If you don’t hail from the United Kingdom, you may have never heard of Granada Studios. The reality is, the Studios, based on Quay Street in the city of Manchester, are the oldest working production studios in the United Kingdom. Home to shows such as The Jeremy Kyle Show, Countdown, Take Me Out and perhaps most famously, Coronation Street, the studio has been operating since the 1960’s.
If you aren’t familiar with Coronation Street either, it is the longest running Soap Opera in the World, and a British institution. In the 1980’s, Granada TV decided that opening their backlot and soundstages, particularly the Coronation Street set, would add an extra revenue stream to the somewhat underdeveloped studios.
And thus, the Granada Studio Tour was born in 1988, and exceeded visitor forecasts in its first few years of operation. Following the same formula as bigger and better financed studio parks, such as Universal Studios Hollywood, the Park featured rides and attractions that were unparalleled in their setup and execution. It could be argued that the UK has a decidedly average and linear theme park market, and the Studio Tour offered an attraction unlike any seen before.
It quickly became a tourist mecca for the North West of England, and the City of Manchester in particular, and continued to exceed visitor projections. The entrance to the Park contained a New York, Times Square style series of facades, with actors playing New York City Police Officers, and was accented with authentic New York taxi cabs and other vehicles.
The Motion Master attraction, a motion simulator ride, set to the movies Aliens and Robocop on an alternating basis, and a 3-D cinema rounded out the entrance area. Live shows were performed throughout the day, and an extremely popular and critically successful House of Commons attraction, where guests would watch a spoof debate in a replica of the British House of Commons, was one of the many unique draws for potential visitors to the Park.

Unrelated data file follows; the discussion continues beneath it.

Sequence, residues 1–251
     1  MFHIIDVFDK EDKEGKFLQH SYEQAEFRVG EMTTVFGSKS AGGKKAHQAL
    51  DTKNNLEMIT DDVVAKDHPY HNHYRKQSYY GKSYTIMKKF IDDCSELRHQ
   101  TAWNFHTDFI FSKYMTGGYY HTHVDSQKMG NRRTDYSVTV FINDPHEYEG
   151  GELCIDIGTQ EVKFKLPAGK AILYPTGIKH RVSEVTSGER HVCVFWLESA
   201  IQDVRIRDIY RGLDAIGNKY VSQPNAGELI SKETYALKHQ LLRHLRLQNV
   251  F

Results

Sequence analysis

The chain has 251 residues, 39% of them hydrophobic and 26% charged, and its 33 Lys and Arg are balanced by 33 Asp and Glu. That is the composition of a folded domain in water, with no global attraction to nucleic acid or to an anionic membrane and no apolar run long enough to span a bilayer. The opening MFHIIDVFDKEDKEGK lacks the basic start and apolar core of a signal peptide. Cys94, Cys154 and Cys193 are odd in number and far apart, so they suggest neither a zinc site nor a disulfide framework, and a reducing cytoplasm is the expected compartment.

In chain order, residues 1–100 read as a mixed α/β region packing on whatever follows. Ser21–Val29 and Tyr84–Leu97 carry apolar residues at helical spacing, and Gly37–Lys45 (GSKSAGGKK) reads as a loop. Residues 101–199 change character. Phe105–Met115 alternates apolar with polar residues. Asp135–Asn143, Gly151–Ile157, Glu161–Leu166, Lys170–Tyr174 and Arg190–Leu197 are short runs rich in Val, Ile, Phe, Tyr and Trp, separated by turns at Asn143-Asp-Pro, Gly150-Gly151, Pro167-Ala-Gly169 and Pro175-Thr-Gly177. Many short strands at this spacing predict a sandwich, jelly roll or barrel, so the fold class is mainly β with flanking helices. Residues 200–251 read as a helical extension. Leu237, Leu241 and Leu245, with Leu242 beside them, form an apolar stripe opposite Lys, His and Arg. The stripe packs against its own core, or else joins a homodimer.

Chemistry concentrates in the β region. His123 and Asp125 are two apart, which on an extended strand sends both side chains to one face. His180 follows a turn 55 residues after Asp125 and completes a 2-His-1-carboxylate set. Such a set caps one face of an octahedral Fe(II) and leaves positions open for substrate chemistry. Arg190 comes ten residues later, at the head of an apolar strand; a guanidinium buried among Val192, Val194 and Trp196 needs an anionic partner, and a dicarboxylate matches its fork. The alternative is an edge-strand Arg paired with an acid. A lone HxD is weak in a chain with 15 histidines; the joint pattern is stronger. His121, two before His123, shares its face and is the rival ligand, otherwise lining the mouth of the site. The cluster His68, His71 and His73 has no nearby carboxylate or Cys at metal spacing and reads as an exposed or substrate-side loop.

A backlot tram ride, taking visitors down a recreation of Baker Street from the Adventures of Sherlock Holmes series, culminated in the tram being stopped at a recreation of Checkpoint Charlie, where the tram was boarded by actors portraying German military officers, who would interrogate guests aboard the tram.
This attraction was later dropped to put greater emphasis on the Park’s star attraction, the Studio Tour itself. This was a walking tour of the Studio’s Bonded Warehouse, a building housing a recreation of Downing Street, the Granada Reports newsroom, special effects stages and a host of other sets. The tour ended with the street set from Coronation Street, which could be explored at the guests leisure (except for Mondays, when the set was closed for filming). The street set was Granada Studios’ major draw, as many people wanted to explore the street they had come to know so well since Coronation Street began in the 1960’s.
In 1997, Granada Studios announced a first for the Park, a roller coaster. Skytrak, costing £1 million, opened in 1997, and was, contrary to popular answers such as Air at Alton Towers, the World’s first flying coaster. However, the ride was plagued with mechanical issues, often operating intermittently, or not at all, and had a very low capacity of 200 people per hour when all five single-person cars were operating, which was rarely.
With the failure of Skytrak as a serious roller coaster contender, and with dwindling investment and disrepair at the Park, visitor numbers began to plummet. Granada was also involved in OnDigital, a service similar to TiVo (for you Americans in the room), which completely failed to break into the market, and required a radical restructure of the company in the wake of this failure. By 1999, Granada execs decided that the Tour was a loss making enterprise, and closed the Park, much to the dismay of the City of Manchester and fans of the Park alike.
So what became of the Park? The Studio portion of the site is still very much in use (however is due to be moved to a site on the other side of the City some time this year), but the Park portion of the site is in a state of disrepair, with the former entrance plaza of the Park being used as a Car Park for the last few years.
For people who visited the Park, like myself, and for residents of Manchester, its an upsetting sight to behold. Many rumours of the Tour returning have swirled around for years, but none have come to fruition. Whilst certainly a loss to the theme park world, it is a loss to the UK theme park market, which is traditionally presented in a Six Flags type of format. Whilst that may be all well and good, and UK theme parks are by no means terrible, Granada Studios was a refreshing change from the traditional, and for that reason, will always have a place in my heart.
Luke Dunsmore is a lover of Theme Parks, and is the editor of ThemeParkInvestigator.Com, a news, review and opinion site dedicated to the fascinating World of Theme Parks. He lives in Manchester, UK.